Watching the World Change shows how this scenario—of the amateur being deputized into the professional by virtue of proximity—happened over and over again. Tom Flynn, a CBS news producer with wartime experience heard a plane go over his West Village apartment and heard a thump, and said to his wife, “We’re under attack.” He didn’t even bother to call a cameraman. He just bicycled south and grabbed the first camera person he saw on-site, who turned out to be Eddie Remy, a Merrill Lynch audiovisual guy. He said, “I’m Tom Flynn, CBS, you’re now working for us.”
Reaching back into the near past, Friend reminds us how far we’ve come since even Vietnam, when photos had to be shuttled to Hong Kong, then satellite-fed to New York, where it was syndicated back around the world. Today, thanks to digital photography and satellite phones—a reporter can file from just about anywhere. One of the most famous photographs taken five years ago—Thomas E. Franklin’s photo of three firefighters raising an American flag over the rubble—was filed from the bar at the Secaucus Radisson in New Jersey.
Some of the most interesting sections of this book deal with photos we took for granted, or may not have seen at all. Forensic experts shot Polaroids of the remains and cataloged them. A NASA astronaut orbiting the Earth in a space station shot pictures of the smoke plume from 250 miles above the Earth. Months later, he photographed the bombs dropping in Afghanistan. An EMS memorial foundation used photos of workers in their last minutes to help obtain settlements for their bereaved families.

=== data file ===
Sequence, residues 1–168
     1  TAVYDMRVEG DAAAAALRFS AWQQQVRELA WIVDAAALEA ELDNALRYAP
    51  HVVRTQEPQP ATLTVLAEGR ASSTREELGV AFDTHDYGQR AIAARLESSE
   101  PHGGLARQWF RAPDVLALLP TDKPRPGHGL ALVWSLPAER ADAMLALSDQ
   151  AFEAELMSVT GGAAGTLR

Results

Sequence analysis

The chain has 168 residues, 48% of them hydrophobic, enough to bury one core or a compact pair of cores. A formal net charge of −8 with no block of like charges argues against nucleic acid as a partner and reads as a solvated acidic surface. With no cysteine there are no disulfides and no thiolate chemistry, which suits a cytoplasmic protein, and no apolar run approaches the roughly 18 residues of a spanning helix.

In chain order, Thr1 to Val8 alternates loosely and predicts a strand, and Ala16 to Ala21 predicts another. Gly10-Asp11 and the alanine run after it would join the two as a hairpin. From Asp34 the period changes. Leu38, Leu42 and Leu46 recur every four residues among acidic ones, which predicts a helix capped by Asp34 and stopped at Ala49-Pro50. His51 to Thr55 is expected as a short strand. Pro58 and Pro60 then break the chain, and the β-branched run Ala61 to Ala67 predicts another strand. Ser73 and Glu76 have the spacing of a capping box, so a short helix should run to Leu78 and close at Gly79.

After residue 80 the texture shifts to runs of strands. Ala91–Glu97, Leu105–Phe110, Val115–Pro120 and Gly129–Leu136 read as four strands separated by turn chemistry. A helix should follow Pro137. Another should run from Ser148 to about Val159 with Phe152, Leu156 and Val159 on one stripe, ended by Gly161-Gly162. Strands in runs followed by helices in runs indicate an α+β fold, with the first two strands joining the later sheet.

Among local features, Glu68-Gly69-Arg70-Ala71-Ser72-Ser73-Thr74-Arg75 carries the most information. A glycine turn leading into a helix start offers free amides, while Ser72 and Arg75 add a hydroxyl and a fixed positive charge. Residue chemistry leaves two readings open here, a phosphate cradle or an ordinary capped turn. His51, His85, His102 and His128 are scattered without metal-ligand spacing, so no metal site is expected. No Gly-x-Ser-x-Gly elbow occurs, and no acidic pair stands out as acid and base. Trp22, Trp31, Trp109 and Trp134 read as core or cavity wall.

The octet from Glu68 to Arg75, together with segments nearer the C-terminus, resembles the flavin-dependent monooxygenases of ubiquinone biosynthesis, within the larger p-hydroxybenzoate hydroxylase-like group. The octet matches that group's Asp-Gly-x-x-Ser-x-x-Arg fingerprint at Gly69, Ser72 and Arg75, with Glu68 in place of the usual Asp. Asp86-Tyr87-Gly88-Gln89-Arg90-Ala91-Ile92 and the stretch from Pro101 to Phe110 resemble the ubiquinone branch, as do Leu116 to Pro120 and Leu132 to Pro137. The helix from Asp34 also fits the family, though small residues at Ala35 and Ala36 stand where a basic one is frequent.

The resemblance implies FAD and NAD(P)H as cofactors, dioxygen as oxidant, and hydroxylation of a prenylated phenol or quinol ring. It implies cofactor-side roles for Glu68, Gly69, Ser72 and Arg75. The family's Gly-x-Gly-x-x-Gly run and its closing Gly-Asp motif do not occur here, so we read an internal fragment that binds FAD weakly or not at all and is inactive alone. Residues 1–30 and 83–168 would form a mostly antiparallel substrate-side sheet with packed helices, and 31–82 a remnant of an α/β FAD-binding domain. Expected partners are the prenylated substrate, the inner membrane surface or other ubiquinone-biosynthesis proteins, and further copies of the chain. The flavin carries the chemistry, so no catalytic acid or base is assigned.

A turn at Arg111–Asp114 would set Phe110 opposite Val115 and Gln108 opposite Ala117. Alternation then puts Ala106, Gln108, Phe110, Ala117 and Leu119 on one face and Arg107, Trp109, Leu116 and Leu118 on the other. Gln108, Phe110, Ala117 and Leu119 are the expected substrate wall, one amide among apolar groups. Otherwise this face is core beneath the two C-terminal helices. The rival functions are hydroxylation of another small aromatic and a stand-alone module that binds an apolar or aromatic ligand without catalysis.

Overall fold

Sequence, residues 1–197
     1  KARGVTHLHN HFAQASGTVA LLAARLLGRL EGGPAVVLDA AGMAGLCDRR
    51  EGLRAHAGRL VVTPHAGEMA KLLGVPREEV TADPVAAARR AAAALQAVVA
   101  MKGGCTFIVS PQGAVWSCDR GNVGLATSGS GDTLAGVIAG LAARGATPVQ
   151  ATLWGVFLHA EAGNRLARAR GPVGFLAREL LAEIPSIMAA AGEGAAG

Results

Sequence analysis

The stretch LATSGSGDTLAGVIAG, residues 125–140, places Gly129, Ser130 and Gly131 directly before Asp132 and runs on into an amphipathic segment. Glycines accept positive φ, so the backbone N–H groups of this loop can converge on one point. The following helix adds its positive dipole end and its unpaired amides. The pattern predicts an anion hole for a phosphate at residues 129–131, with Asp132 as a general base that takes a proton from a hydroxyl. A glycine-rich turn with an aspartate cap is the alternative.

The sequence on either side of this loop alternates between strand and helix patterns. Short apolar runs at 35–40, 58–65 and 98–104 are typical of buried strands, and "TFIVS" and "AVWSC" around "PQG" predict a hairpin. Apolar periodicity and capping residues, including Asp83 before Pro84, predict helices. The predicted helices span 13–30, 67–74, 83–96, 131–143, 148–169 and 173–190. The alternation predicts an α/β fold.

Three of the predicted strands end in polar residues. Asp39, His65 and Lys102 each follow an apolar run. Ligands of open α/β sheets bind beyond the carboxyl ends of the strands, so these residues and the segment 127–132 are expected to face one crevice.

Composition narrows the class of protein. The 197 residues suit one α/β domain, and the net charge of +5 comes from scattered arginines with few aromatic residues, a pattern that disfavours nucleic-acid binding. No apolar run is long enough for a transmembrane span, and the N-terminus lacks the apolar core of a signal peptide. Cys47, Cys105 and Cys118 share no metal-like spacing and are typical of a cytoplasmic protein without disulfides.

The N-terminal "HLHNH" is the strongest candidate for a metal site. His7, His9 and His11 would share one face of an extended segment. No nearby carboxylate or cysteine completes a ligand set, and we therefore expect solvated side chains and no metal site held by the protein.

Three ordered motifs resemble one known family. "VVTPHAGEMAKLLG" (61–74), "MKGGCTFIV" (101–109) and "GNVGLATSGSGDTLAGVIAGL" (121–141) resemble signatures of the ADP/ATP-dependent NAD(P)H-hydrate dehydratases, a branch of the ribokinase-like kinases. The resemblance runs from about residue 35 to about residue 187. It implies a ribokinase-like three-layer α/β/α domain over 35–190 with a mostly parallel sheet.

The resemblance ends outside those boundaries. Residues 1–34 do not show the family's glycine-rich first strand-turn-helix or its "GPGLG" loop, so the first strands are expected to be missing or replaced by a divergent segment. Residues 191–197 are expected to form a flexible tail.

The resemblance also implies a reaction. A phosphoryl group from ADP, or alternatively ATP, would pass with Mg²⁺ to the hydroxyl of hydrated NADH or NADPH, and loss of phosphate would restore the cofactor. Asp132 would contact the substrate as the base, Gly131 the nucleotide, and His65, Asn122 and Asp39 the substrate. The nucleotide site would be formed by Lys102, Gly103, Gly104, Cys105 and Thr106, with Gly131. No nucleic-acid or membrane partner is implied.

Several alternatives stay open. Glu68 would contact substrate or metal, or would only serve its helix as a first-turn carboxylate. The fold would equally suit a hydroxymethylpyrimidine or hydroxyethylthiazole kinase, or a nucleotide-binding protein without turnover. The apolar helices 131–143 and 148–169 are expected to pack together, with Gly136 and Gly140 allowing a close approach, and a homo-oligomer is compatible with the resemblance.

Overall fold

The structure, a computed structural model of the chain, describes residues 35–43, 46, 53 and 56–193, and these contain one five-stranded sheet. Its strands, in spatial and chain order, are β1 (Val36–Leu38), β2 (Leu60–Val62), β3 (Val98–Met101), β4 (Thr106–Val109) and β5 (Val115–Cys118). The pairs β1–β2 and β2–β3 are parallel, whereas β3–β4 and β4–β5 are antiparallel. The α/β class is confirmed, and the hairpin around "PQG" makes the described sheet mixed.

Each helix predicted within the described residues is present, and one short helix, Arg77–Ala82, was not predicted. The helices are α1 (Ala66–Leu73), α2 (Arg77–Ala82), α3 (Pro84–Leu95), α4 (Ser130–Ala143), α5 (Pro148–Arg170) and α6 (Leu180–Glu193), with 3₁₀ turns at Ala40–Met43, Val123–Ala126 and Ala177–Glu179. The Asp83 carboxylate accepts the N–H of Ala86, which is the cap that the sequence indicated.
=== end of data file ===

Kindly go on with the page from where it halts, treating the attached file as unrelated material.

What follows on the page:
And then there are the heartbreaking stories, which Friend marshals in a manner that is always respectful, never exploitative. He reminds how on the day of the attacks, snapshots of the missing began appearing all over New York, first as pleas for help, then as days turned to weeks, as a kind of ghostly memorial. “The photograph said: This being is no more,” Friend writes. “Long live his image.”
As this book amply reveals, images are just as provocative as words, if not more so. Most American news agencies did not air images of the some 200 people who leapt from the towers, while the rest of the world saw them. George W. Bush caused a furor when he unabashedly used images of Sept. 11 in his 2004 campaign, which culminated in an even more exploitative 9/11-fest at Madison Square Garden, just a few subway stops from Ground Zero.
Fire fighters began to squabble with the Bergen County Record for control over Franklin’s quintessential image. In some ways, Friend’s story about the tussle over this iconic image—which was later put on a U.S. stamp—says a lot about how much photographs can say, and also the limits of what they can do. While 60,000 requests to license the image came flooding in, along with calls from Barbara Walters, the three men in the picture elected to remain silent. Their sacrifice had been writ large, and their response to it, too. Still, what they represented to the world and what they lost were two separate things, and no amount of media attention could collapse them into one. The picture had to do the talking, but the most important thing this book tells us is this: It didn’t say it all.